In a postgame interview on NBC Sports Chicago with broadcasters Jason Benetti and Steve Stone, Giolito laughed when talking about the five-inning complete game. He said he had a couple seven-inning complete games in the minor leagues, but had never gone this deep into a game in his professional career.

“Never got to the ninth inning in my career so it’s a special moment for me,” Giolito said.

When Yuli Gurriel popped out to third base for the last out of the game, Giolito immediately started emphatically clapping his hand into his glove with excitement. He then gave catcher James McCann a high five and a hug.

He limited the Astros to four hits and one walk and used 107 pitches for the complete game. Giolito added nine strikeouts.

Entering the ninth inning, Giolito said there was no discussion from manager Rick Renteria or anyone else about having the bullpen close out the 4-0 win.

“I knew my pitch count was low enough to go out there so there was no need to talk about it,” Giolito said.

This is the third time the Astros, which are tied for the MLB lead in wins at 33, have been shutout this season. They hadn’t been shutout in Houston since Sept. 19 of last season.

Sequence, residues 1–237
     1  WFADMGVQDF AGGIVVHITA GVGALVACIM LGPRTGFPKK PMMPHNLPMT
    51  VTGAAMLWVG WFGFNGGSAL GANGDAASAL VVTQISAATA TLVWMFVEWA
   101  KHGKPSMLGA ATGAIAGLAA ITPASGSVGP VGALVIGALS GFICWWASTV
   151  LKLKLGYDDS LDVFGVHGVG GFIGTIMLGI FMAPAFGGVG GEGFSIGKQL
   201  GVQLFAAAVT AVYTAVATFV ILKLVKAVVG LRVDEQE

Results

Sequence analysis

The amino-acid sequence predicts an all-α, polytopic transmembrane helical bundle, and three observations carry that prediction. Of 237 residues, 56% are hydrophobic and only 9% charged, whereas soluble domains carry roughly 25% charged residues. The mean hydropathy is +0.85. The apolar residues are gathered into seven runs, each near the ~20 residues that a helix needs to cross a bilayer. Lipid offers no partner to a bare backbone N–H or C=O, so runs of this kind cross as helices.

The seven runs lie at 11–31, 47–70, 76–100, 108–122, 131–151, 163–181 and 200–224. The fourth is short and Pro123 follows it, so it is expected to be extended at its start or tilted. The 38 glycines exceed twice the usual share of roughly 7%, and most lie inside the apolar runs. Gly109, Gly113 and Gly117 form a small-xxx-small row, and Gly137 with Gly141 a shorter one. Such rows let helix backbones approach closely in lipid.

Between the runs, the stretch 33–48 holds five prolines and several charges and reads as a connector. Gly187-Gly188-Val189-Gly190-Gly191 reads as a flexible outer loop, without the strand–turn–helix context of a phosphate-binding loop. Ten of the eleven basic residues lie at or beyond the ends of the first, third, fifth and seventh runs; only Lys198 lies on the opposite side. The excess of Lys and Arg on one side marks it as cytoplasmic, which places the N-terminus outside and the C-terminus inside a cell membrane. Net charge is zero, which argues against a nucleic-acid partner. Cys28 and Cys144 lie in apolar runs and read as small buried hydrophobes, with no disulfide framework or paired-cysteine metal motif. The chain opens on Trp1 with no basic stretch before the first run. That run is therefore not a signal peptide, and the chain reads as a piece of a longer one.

Entering Thursday, the Astros led all of baseball in team batting average, on-base percentage and OPS so there’s nothing cheap about this Giolito performance.

“I just felt good today,” Giolito said. “I had a lot of first-pitch strikes. I kept it efficient. I was taking a look at the pitch counts around the seventh and I was like ‘OK, I think if we stay on the same page I think we’re going to get this.’”

Immediately after he said that he got the postgame ice bucket shower from Jose Rondon.

Giolito has been on a heck of a run lately and his season ERA dropped below 3 with this outing. He now has a 2.77 ERA on the season, which is 15th best in baseball.